MarTech Landscape

Snippet from the 2017 Marketing Technology Landscape (Source: Scott Brinker, Chiefmartec.com)
Snippet from the 2017 Marketing Technology Landscape (Source: Scott Brinker, Chiefmartec.com)

Scott Brinker published the 2017 Marketing Technology Landscape, his annual exercise in shrinking thousands of logos into a super graphic.  This year, the list grew 40%, to a total of 5,381 solutions (from 4,891 unique companies).  Over the past year, 4.7% of the vendors were removed and 3.5% “changed in some fundamental way — their name, their focus, or their ownership.”

By size:

  • 6.9% have at least 1,000 employees or are public.  Brinker describes these 300+ firms as enterprises.
  • 44.2% are private businesses with either fewer than 1,000 employees or no funding data
  • 48.8% are investor-funded startups at any pre-exit stage

“So for those who assumed most of these companies are tiny, it’s worth noting that over 300 are enterprises of significant scale,” said Brinker.  “It’s also true that over 2,300 others have received some sort of investor funding — which implies scale beyond a couple of rogue developers in a garage (or, for a more modern-day cliché, two people in a coffee shop).”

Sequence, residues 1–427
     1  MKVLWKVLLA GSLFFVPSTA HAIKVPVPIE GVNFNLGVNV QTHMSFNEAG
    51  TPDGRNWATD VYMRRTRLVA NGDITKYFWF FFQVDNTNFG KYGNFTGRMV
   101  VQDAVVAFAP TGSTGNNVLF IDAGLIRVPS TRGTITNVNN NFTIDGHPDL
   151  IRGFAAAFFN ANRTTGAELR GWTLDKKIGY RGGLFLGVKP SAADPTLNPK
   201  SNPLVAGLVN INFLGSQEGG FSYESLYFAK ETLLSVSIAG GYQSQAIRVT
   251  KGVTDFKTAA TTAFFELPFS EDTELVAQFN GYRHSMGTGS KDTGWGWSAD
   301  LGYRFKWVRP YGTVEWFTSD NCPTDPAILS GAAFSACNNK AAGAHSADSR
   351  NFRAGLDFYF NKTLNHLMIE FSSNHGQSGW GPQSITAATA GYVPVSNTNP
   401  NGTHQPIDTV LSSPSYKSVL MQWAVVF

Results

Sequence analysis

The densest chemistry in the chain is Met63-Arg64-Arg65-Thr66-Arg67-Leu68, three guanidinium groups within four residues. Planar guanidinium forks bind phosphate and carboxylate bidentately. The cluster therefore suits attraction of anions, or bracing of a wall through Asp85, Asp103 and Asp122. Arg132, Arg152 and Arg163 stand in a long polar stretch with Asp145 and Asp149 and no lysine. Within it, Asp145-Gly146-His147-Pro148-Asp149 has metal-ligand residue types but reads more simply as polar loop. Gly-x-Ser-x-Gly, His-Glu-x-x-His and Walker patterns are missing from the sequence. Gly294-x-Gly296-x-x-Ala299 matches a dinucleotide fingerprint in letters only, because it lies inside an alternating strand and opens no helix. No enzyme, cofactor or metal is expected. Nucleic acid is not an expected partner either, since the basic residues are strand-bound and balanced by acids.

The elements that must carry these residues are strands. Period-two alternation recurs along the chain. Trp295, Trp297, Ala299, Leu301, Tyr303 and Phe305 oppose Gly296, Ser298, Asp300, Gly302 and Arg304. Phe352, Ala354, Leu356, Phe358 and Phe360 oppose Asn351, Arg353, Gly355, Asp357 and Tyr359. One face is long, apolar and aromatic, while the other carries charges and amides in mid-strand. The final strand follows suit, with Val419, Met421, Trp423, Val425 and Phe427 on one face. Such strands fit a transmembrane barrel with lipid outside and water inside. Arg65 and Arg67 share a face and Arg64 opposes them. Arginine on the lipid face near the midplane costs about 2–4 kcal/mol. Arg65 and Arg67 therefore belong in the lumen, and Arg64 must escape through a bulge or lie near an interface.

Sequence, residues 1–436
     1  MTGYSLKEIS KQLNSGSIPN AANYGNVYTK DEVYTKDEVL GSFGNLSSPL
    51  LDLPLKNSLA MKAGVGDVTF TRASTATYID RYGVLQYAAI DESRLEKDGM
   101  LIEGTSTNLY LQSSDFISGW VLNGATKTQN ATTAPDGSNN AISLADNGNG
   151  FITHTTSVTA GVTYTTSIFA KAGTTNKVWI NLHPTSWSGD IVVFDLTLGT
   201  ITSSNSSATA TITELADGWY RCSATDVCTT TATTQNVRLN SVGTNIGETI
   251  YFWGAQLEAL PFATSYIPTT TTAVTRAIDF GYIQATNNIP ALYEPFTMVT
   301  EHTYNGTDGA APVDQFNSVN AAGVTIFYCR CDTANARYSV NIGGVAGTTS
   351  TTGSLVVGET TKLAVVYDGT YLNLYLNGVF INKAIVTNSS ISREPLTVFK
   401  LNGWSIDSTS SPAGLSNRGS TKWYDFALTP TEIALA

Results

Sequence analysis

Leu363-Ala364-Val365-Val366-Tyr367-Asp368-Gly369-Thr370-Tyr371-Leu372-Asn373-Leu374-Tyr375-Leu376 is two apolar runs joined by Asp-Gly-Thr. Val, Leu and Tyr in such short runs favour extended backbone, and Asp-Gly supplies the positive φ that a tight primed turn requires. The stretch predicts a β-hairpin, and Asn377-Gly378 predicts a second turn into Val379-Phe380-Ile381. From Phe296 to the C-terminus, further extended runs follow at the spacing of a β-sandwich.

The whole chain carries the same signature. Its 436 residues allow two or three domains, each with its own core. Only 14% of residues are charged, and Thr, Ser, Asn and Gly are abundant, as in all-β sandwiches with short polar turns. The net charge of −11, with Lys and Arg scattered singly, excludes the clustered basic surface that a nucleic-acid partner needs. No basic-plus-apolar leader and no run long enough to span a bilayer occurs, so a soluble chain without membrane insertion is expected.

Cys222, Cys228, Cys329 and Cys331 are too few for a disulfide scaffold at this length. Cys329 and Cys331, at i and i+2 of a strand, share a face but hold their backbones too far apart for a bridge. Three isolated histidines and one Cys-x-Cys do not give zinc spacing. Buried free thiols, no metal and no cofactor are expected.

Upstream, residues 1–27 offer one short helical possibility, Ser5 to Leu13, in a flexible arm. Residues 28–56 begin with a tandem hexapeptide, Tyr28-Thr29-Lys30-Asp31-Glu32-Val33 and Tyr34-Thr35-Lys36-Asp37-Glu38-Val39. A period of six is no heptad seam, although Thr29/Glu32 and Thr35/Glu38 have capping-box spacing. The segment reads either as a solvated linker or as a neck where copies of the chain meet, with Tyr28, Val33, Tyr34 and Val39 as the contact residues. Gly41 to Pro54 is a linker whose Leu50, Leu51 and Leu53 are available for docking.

The bottom group of “investor funded startups at any pre-exit stage,” which makes up nearly half the firms, is a growing phenomenon in the SaaS universe. Analyst Clement Vouillon of Point Nine Capital said that ten years ago, there were few SaaS companies that weren’t looking for VC-funding.  Growth in self-funded SaaS ventures has been fed by a growth in underlying platforms and advice.  Thus, “building and distributing a SaaS product is easier, faster and less expensive.”

Vouillon noted a number of additional reasons for self-funded bootstrappers:

  • Experienced founders have previously worked at VC-backed firms and are looking to avoid the model.
  • Competition prevents firms from scaling but permit the firm to operate as “a lean and profitable SaaS business.”